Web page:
“Him?” Willey gasped. “Who said it was him?”
Jim stared as the dark amber liquid clashed against the ice cubes. In that violence, they felt an obligation, but for what, the bartender didn’t know. He was blissfully ignorant and complacent, yet somewhere inside of him, they thought they heard screaming. Willey took his glass.
“Bentham isn’t a someone,” explained Willey. “It’s a machine.” He brought out a large black notebook and dropped it on the bar. “Let me show you what I’ve been working on…”
The bartender waved him away. “I got drinkers that need to get drunk, Willey. I don’t have time for your research. Call me over when you need another.”
Disheartened but never defeated, Willey was struck by a vision after hearing someone say beside him, “Al’s seeing.”
Bentham is circular, Willey wrote, An iron cage, but it could be anything, glazed, hard, stone, brick, it doesn’t matter, whatever convinces the eye — a glass eye of unknown size. Then, the Prisoners in their Cells, occupying the Circumference — Bentham the Center. By Blinds, and other contrivances, the Inspectors or software are concealed from the observation of the Prisoners: hence the sentiment of a sort of invisible omnipresence. The whole circuit reviewable with little or, if necessary, without any change of place. Bentham does not have to move, be seen, or make their full presence known because no one asks.
The head of Willey’s pen suddenly broke from the pressure. Ink spilled over his words. As he thrashed, grabbing napkins and what not to clean up what he could, he noticed a young couple snickering, filming him on their phones.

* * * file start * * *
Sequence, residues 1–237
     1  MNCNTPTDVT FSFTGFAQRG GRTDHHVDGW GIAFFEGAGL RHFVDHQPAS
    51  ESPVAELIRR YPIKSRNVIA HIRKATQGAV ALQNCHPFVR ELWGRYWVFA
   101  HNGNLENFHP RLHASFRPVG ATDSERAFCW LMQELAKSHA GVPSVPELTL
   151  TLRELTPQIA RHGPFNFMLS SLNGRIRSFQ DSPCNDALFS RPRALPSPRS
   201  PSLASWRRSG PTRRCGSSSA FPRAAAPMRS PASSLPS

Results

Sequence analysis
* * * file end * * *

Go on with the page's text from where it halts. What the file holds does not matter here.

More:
“Stop that!” Willey shouted, gathering his things and springing up to his feet.
As he fled out the door with the couple laughing, a bowed, hangnail shadowy figure slid from a booth and followed.
“You seem invested in this little game you’re playing,” the figure whispered to Willey before he turned down an alleyway.
Willey jolted and nearly jumped into the street.
“Who are you?” Willey murmured. “Were you listening to me?”
“Listening, watching, observing,” the figure said. “Keep pulling on the string. There’s a whole ball of yarn on the other end.”
The figure glided past Willey and into the alley, dissolving into the darkness of night. There was no shape to the figure, just a pixilated, shifting form. Willey hesitated to follow them and within that moment, whoever they were, vanished into the coming fog.
Willey was about to go inside to tell Jim about the figure, when he nearly crushed a thin key card on the ground. He quickly picked it up. Moving it toward the light, he saw it belonged to someone named Shani who, Willey couldn’t believe, worked at Target.
“Target?” Willey whispered. “Could Bentham be there?”
Mitchell Duran is a writer of fiction, poetry, and non-fiction. He holds an MFA in Creative Writing from San Francisco State University. He has been published in Black Horse Review, Drunk Monkey, The Millions, BrokeAssStuart, and more. He lives in San Francisco, California. Find more work at Mitchellduran.com